Friday, May 3, 2013

Arcainum's Five Should Be Enough

So here's the thing. I've discovered that I apparently really enjoy time loop stories. This is the third one to join the Vault. What up with that? Maybe it's because it's a fascinating plot device, a interesting way to explore characters and situations.

You've got Capn Chryssalid's Best Night Ever, in which Prince Blueblood what's really important in life.

You've got Eakin's Hard Reset, in which Twilight Sparkle kicks some serious flank and we all enjoy the ride.

And then you've got this story. This story, in which Applejack learns to make a sacrifice those of us with family have surely considered before. It's not heartwarming like Best Night Ever. It's not fun like Hard Reset. It's like Applejack - it makes its point and gets the job done.

[Tragedy] • 8,100 words
When a tragic event befalls Applejack, she takes drastic measures in an effort to prevent it. But can a simple farm pony make a difference in the face of an inevitable end?

A story about the sacrifices we aren't willing to make, and those that we are.

Hit the break for a chat with Arcainum and links to Five Should Be Enough out on the ponynet. Don't forget to grab an ebook copy over at the Downloads page.

Where do you live?

I hail from the UK and currently reside on the Wirral peninsula, a little strip of land just above Wales that no one's ever heard of.

What kind of work do you do? (i.e. are you a student, do you have a career/day job, etc)

I work in the fruit-and-veg aisle of my local Tesco. Sometimes I help my mum with her childminding job. Stop me if this is getting too glamorous for you.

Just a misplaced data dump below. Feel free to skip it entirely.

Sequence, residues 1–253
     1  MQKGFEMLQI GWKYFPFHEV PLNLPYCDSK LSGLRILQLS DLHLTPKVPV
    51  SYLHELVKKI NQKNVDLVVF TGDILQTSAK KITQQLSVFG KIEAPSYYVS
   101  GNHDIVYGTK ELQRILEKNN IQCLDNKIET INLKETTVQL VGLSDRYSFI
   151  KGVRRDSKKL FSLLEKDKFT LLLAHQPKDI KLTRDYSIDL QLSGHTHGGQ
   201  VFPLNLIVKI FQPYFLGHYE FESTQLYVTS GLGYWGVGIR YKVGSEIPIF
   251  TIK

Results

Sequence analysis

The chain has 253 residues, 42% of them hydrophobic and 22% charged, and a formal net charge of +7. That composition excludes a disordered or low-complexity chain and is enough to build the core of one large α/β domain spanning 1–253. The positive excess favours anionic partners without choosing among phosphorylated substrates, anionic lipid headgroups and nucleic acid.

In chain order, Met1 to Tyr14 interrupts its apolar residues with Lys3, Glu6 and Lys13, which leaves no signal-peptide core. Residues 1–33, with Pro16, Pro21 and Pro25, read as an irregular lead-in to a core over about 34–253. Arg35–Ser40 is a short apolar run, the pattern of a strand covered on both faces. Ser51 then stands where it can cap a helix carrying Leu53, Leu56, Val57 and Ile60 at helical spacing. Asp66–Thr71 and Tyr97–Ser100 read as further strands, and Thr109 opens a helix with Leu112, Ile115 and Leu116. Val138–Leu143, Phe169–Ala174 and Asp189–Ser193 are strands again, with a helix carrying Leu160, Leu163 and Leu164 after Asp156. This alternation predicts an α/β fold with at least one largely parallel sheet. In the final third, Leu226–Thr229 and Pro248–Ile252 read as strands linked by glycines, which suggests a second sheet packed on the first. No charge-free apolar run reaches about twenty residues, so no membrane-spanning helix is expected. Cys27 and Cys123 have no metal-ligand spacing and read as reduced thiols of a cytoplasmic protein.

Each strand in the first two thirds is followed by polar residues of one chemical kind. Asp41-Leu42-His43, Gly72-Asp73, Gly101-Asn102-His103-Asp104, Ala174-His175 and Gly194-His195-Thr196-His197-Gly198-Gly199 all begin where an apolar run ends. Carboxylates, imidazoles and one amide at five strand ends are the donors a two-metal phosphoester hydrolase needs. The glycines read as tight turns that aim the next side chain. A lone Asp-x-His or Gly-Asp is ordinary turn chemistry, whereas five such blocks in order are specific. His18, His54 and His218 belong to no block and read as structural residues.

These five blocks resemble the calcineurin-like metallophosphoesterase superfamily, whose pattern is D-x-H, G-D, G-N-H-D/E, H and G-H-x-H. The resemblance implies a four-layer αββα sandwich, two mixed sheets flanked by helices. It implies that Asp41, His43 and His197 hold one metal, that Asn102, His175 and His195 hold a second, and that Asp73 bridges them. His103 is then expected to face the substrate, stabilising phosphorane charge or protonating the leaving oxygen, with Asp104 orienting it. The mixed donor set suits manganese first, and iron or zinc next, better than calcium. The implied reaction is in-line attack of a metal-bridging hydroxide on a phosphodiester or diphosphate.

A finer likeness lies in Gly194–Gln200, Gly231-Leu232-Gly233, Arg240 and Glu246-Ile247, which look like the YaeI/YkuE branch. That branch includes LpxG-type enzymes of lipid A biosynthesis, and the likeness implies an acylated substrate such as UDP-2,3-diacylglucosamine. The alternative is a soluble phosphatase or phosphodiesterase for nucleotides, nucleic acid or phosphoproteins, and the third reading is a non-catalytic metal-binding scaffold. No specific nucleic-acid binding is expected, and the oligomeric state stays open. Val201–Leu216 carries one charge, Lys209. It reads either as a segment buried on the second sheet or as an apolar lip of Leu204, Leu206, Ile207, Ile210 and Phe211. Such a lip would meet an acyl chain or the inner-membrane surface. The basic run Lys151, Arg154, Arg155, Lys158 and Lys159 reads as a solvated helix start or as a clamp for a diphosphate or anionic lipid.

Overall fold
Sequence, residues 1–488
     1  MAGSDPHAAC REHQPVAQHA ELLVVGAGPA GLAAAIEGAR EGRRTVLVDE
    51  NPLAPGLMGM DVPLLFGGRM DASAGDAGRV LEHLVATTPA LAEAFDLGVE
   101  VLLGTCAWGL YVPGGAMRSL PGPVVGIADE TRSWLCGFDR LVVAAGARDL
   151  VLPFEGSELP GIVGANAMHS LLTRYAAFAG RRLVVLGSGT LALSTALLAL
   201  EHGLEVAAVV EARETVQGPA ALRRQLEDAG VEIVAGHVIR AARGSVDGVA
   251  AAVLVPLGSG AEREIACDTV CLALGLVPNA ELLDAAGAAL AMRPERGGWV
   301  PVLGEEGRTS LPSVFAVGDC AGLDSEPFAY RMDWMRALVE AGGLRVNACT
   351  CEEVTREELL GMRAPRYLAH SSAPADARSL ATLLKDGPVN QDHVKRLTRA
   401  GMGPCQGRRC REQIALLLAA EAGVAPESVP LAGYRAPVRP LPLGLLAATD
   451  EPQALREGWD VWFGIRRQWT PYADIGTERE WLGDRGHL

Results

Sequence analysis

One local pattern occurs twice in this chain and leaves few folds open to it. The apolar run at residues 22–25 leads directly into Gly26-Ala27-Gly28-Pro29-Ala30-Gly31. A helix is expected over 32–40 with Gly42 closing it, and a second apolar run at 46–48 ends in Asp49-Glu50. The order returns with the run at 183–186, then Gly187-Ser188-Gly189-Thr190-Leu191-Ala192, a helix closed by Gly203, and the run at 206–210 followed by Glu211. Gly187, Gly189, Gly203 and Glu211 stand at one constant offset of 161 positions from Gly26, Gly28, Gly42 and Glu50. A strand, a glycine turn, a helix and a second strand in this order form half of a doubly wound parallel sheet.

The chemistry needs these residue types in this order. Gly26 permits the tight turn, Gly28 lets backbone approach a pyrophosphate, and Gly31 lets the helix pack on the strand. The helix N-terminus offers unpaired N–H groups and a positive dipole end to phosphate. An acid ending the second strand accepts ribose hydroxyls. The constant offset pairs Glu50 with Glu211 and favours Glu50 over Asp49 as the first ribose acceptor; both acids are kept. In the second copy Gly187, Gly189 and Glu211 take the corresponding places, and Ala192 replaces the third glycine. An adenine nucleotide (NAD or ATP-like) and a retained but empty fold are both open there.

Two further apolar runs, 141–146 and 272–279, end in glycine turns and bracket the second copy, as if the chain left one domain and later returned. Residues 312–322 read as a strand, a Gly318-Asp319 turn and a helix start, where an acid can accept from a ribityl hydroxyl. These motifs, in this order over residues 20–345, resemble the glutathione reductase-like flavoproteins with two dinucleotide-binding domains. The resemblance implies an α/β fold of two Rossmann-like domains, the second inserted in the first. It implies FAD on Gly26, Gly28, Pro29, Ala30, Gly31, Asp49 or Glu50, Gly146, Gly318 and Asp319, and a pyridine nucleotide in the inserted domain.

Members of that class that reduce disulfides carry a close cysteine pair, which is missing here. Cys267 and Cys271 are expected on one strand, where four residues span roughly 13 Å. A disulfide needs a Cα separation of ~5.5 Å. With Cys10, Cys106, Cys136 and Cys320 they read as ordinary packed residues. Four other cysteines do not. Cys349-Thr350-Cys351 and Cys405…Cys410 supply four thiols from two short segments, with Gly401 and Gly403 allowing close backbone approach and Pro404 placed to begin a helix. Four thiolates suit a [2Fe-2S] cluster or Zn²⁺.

How did you discover My Little Pony: Friendship is Magic? When did you realize you were a fan of the show?

Warning: Story you've heard a million times before, incoming! Just after the first season ended, random chance led me to watch the "Physics In MLP:FiM" video (one day, I will get around to writing a story about butterflies made of dark matter), thought "Hmm, this fellow seems to enjoy this show." Research, discovery, devoured the show, bam.

As for realising I was a fan... I still don't really consider myself one. Or perhaps I should say I don't consider myself one especially? I realised I liked the show when I noticed I was up to Episode 9 of a My Little Pony series and was still watching, but I tend to devote myself rather wholeheartedly to everything that I like, so... Call it then.

Do you have a favorite episode?

Seasons 1 and 2. Failing that, the two minutes and five seconds of show during which Steven Magnet is featured.

I find it very hard to pin down an actual favourite episode. I tend to rate my experiences with any given serial media as a whole, so in my head I only have "Man, FiM is pretty sweet." Probably "Sisterhooves Social", actually, because that has some pretty fantastic acting and animation on the part of Rarity and Sweetie Belle and was just a good episode all-round that I could easily relate to, having two younger sisters of my own. Also it was the best Friendship is Witchcraft episode, so it's a double whammy of hohoho.

Who is your favorite character based purely on the canon of the show itself? Would your answer change if you considered the fandom in its entirety (i.e. art, fanfiction, memes, etc)?

Canon-wise, the flamboyant water serpent in the second half of the pilot. Fanon-wise, Steven Magnet.

I really like Rarity. I think it used to be Fluttershy because, if I'm honest, moe~, but as time went on Rarity really came into her own. She's got a great character, great episodes, and I know I'm imagining it but it feels like her animations are always top-notch. She has way more "haha oh god that is the BEST POSSIBLE FACE" moments than any other character for me.